- Historic Sites
The Beards That Made Rough-keepsie Famous
December 1972 | Volume 24, Issue 1
Other trademark portraits followed in various lines of consumer goods, but no indicia of ownership produced more millions of dollars’ worth of free publicity than the chin whiskers of Trade and Mark, subjects of countless editorials, favorite topics of newspaper columnists, standard fare for funny fellows from the days of vaudeville to the coming of the standup radio comic. At one time the company kept sets of whiskers and wigs to outfit cutups who wished to attend costume parties as Trade Smith or Mark Smith. Knowing they had a good thing going, the brothers never shaved.
Soon afterward, the boys, by then both graduates of Williams College and aged thirty-six and thirty, took over the business. They bought an old barn on the edge of town and remodelled it into a twenty-six-kettle cough-drop factory. With production rising toward four tons a day, the brothers devised an economical system for packaging the cough drops. Each day’s output was collected at the end of the day in five- gallon milk cans and distributed by horse and wagon to the poor, along with a supply of Smith Brothers boxes. Some thirty families, living on what came to be known as Cough Drop Street, filled the little cartons during the evening and had them ready for the morning pickup. But not all the drops returned to the Smiths. Some of the workers adopted a system of their own that may be characterized as “one drop for the company and one for me.” A lively black market in the tablets developed until Trade and Mark turned to more conventional methods for packing their boxes.
Trade was the dominant figure, ambitious, quirky, public-spirited, a militant prohibitionist, and the ancestor of succeeding generations of Smiths. Mark was an amiable bachelor, not the least pushy, with no objection to taking a nip and so susceptible to a touch that he became known as Easy Mark. Trade enjoyed referring to him as Boss Andrew. Mark died in 1895, but his unsinkable brother lived on until 1913.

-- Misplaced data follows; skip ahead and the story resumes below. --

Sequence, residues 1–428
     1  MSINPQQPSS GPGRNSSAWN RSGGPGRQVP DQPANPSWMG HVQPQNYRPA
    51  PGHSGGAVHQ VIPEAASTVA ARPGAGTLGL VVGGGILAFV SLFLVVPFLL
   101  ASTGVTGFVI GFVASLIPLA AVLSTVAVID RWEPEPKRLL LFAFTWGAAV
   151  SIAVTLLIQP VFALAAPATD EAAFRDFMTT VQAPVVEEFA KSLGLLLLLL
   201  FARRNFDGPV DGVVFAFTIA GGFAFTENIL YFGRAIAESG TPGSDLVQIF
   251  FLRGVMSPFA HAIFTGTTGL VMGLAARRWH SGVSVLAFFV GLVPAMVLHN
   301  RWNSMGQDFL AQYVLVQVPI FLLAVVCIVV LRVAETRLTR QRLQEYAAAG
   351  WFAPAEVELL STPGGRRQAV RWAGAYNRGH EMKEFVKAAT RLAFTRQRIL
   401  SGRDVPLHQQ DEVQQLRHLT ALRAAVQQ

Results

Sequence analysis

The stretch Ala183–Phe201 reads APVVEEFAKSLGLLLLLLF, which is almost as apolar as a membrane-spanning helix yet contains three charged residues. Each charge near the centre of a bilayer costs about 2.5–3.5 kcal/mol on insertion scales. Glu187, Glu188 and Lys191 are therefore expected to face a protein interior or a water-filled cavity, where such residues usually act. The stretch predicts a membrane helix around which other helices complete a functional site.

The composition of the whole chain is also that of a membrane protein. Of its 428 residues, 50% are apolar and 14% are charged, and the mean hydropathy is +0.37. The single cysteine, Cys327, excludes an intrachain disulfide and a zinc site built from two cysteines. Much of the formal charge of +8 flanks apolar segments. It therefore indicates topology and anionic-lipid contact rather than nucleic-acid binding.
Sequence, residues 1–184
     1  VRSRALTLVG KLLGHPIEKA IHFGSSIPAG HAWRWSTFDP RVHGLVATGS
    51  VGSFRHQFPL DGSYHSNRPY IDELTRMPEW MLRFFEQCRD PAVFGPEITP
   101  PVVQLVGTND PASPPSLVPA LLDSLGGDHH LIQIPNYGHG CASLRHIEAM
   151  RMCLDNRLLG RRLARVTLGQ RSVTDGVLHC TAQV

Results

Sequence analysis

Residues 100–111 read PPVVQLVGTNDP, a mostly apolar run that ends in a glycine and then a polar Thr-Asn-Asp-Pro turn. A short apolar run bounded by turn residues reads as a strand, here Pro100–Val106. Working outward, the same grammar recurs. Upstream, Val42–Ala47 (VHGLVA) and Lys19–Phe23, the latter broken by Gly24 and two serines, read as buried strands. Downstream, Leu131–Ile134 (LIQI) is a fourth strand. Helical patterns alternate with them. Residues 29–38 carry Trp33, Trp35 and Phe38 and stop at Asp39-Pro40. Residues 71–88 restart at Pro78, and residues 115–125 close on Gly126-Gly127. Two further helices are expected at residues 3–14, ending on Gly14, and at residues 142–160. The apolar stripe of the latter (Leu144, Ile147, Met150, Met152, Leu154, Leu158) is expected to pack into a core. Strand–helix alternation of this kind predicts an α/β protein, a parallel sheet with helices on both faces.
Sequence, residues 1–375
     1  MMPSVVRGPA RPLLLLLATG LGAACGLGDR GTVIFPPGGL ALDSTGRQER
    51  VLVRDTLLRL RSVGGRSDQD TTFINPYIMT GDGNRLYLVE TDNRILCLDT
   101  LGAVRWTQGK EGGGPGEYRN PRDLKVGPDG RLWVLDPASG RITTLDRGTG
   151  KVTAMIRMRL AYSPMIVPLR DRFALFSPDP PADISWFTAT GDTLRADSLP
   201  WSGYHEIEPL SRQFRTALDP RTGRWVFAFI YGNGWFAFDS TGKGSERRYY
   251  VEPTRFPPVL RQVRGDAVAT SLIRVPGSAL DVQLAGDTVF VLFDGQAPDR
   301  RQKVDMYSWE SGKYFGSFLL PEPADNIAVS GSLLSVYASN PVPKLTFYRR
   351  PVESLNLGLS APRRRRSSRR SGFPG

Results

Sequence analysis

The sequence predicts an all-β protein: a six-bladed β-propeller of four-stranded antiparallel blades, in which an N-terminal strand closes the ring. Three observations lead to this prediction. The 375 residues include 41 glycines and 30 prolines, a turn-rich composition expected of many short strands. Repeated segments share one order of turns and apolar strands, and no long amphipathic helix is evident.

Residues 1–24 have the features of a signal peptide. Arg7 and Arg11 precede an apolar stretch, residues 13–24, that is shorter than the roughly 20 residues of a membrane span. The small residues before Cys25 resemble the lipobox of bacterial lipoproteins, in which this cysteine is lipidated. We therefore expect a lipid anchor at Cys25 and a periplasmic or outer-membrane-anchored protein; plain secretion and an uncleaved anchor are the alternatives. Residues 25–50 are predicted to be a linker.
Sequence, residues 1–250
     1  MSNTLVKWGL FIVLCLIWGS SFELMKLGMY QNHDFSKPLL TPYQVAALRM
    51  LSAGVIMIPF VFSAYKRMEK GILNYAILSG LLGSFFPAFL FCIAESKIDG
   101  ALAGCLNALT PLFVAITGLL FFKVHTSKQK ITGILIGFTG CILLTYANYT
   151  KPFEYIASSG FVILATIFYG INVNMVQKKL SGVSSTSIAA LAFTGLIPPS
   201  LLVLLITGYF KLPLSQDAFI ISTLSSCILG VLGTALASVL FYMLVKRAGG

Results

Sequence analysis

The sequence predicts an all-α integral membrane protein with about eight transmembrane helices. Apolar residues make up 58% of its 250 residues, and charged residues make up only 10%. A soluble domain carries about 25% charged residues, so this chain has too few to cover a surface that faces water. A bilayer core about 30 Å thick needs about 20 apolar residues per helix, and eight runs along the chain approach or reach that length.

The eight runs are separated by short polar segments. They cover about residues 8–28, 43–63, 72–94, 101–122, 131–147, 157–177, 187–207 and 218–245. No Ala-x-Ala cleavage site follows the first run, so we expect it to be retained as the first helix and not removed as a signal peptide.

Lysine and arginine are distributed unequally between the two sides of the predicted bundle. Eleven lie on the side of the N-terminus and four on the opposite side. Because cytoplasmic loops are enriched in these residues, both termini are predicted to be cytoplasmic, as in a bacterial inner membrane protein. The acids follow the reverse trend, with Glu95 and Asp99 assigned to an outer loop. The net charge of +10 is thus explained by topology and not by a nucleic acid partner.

Many anecdotes preserve the memory of Trade’s impressive eccentricities. Early Smith Brothers records are scanty because Trade kept them on the backs of used envelopes. Cash for both cough-drop and restaurant sales mingled and accumulated in an old safe and was moved to the bank when the safe filled up. Trade tried his hand at politics, on the Prohibition ticket, of course, and ran at various times for mayor, state senator, and governor of New York, with the result that usually befalls a singleissue candidate. An applicant for a job as waitress at the Smith Brothers restaurant had to present a letter of recommendation from her minister and, if hired, live upstairs over the restaurant under the eye of a stern duenna. Ginger ale was not served because of the connotation of the word “ale.”
A staunch Presbyterian, Trade paid his workers low wages because he believed the money belonged to God. Yet his generous benefactions connect him clearly with the mainstream of nineteenth-century philanthropy. There is a park in Poughkeepsie, a gift from Trade to the city, that is still known to older residents as Cough Drop Park; but none of his gifts celebrated the name of Smith. Trade was careful to assess Mark for half the cost of all charitable enterprises and scoffed at Matthew Vassar, the local brewer, whose name was—and is—attached to a college and a hospital.
When Trade called an employee upon the carpet the interview began with a standard ritual.
“A lovely day, Mr. Jones!”
“I’m sure we should all be very thankful to be alive, Mr. Jones.”
Then came the chewing out.
In his later years Trade became a subject of wide interest as guardian of the secret formula for the aromatic lozenges and as indefatigable booster of the family medication. He liked to pass out sample packages to railroad conductors, bellboys, and strangers generally, and observe carefully if they associated the picture on the box with his own face. Once when the delegates to a Y.M.C.A. convention in Washington were received by President Taft, Trade maneuvered to be last to pass down the receiving line so that he could press a box of his cough drops into the President’s hand.